When you think of solitaire, you don’t normally think of it as a weapon. In the new iOS game Solitairica, you use solitaire to battle a wide variety of opponents. Solitairica uses the golf solitaire style of placing cards one higher or lower on top of the card on the deck until you clear the board. The basic style is familiar, and accessible allowing for the game to introduce four energy types, enemy attacks, and spells. The game is all about turn based combat with RPG style progression with your card deck.
The game starts out relatively mundane, but the challenge builds up considerably to the point that you almost forget about the golf solitaire part. Each card can have one of four energies: attack, defense, agility and willpower, and each spell requires a certain number of a specific kind of energy. You will need to destroy specific cards, enable a shield, gain health back, preview the next card, and much more in an attempt to clear all of the cards before you lose all of your health. Each new enemy introduces new attacks that can directly damage you, deplete your energy, or add hazards to the cards. The complexities increase almost exponentially especially since you can access the shop after each defeated enemy to buy new spells or items to help counteract the added power of the next opponent. The items that you pick will greatly impact success down the road, so choose wisely.
The main game is to make it through 18 opponents to reach the castle at the end with the big boss awaiting you. There are six card decks to unlock tied to different classes with each deck introducing new spells, and different emphasis on what energy appears. What starts out as a familiar game of solitaire transforms into a game that is surprisingly heavy on strategy. Each move becomes so important after a few enemies in a given run. The cards don’t always come up as you hope, and that means you need to rely on collecting specific energy, and using the spells at the right time. At first, it seems to be a relatively simple experience, but once the challenge amps up, it feels like a great accomplishment with each new vanquished enemy. Those enemies are also bursting with personality, adding another twist of creativity to the game as a whole.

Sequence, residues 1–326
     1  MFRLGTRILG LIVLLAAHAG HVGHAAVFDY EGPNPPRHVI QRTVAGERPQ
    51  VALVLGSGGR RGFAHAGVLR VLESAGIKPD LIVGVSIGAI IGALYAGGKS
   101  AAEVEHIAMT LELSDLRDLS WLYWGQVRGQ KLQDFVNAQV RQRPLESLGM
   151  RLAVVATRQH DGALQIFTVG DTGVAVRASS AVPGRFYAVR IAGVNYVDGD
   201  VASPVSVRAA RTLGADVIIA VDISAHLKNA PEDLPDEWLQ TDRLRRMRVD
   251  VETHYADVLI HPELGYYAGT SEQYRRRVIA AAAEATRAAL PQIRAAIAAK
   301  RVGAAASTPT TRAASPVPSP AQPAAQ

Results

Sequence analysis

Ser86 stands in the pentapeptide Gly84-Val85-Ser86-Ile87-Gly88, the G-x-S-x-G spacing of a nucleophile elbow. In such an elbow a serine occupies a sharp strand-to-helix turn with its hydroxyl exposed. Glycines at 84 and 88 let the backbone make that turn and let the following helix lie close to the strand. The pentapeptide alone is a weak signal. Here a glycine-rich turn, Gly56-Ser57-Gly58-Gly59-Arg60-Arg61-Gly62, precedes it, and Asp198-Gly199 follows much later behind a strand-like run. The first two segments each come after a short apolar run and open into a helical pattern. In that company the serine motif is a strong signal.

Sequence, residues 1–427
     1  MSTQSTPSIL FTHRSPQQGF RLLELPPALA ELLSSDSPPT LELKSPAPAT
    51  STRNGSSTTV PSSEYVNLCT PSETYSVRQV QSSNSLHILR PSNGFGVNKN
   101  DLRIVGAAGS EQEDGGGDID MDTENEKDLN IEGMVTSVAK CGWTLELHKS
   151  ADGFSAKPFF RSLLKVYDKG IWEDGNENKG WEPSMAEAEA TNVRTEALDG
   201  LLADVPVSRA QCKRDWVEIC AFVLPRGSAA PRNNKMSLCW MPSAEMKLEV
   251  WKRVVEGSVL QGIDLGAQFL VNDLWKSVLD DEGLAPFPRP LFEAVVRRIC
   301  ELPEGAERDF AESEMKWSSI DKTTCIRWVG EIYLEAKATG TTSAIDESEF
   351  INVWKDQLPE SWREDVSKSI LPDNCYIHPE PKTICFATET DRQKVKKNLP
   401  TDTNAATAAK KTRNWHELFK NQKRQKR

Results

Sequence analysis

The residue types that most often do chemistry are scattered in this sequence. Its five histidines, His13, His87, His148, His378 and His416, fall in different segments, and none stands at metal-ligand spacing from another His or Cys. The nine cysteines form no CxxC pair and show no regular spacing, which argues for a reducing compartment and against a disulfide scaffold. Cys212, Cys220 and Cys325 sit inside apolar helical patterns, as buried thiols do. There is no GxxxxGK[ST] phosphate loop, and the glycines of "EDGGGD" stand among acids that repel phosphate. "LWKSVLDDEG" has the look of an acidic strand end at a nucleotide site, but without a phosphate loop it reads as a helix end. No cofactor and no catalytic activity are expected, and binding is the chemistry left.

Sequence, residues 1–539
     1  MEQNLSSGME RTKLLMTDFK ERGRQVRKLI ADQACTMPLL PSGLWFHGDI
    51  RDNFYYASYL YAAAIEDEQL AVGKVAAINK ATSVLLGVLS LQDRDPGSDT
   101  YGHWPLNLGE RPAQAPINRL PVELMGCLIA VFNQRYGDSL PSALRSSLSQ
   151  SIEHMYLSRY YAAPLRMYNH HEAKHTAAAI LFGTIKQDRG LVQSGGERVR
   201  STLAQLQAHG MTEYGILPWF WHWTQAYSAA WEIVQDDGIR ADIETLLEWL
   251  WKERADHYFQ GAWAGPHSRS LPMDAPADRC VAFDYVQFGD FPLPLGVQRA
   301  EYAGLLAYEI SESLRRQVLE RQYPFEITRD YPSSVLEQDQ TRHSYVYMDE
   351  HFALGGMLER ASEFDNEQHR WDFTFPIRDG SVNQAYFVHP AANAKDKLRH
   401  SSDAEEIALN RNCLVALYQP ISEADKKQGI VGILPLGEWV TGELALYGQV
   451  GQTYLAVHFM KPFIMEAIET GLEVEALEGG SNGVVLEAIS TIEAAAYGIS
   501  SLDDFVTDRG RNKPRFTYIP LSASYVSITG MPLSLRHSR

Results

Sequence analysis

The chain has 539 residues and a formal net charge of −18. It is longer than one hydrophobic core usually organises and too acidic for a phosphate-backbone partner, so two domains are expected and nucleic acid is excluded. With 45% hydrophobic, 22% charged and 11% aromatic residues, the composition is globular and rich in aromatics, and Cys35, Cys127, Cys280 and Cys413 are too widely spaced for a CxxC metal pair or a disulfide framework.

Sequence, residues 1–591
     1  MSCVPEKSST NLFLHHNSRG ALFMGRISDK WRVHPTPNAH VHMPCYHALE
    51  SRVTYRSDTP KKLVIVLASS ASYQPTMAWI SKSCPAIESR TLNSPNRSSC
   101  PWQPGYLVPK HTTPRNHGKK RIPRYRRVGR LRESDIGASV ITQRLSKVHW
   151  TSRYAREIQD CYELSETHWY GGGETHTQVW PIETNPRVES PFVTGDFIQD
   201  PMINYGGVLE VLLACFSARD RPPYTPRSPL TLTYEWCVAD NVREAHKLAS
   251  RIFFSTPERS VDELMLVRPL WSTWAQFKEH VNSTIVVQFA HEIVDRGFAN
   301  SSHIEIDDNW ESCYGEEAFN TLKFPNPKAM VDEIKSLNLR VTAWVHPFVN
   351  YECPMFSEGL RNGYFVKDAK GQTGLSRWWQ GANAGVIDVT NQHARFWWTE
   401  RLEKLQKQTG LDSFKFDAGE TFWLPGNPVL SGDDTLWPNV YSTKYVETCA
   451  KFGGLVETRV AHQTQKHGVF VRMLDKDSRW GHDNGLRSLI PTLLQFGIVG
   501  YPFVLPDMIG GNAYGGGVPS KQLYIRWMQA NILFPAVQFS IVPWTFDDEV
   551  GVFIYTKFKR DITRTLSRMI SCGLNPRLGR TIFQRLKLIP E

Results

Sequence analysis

Solitairica isn’t perfect, and you do need to give it a little time to fully appreciate all of the strategic elements in play. The biggest drawback is that the actual golf solitaire gameplay isn’t as good as Fairway Solitaire. Solitairica has less flow with fewer chains available, and simply less cards on screen at once to work with. The reason is to push you towards the other abilities, but it leaves the card gameplay a little less compelling. Also, you’re given the same 18 opponent challenges each time. It’s slightly procedurally generated, but while the enemies may switch spots, they mostly come up in the same relative order of increasing difficulty. It’s disappointing to restart at the simple beginnings each time with all of your upgrades wiped clean. It would be nice to have checkpoints or a true rogue like experience to at least maintain upgrades when you do restart. Wiping the slate clean would make sense if your health was consistent across battles, but it always replenishes between battles, so there’s no difference between playing the first six contests, or just restarting at seven. There’s also the randomness element of the cards presented, and there are times when it seems your enemy gets the right card at the right time, and you don’t.
Solitairica ($3.99, Universal) delivers a familiar style that is built into a thoroughly challenging and fresh experience that is well worth picking up.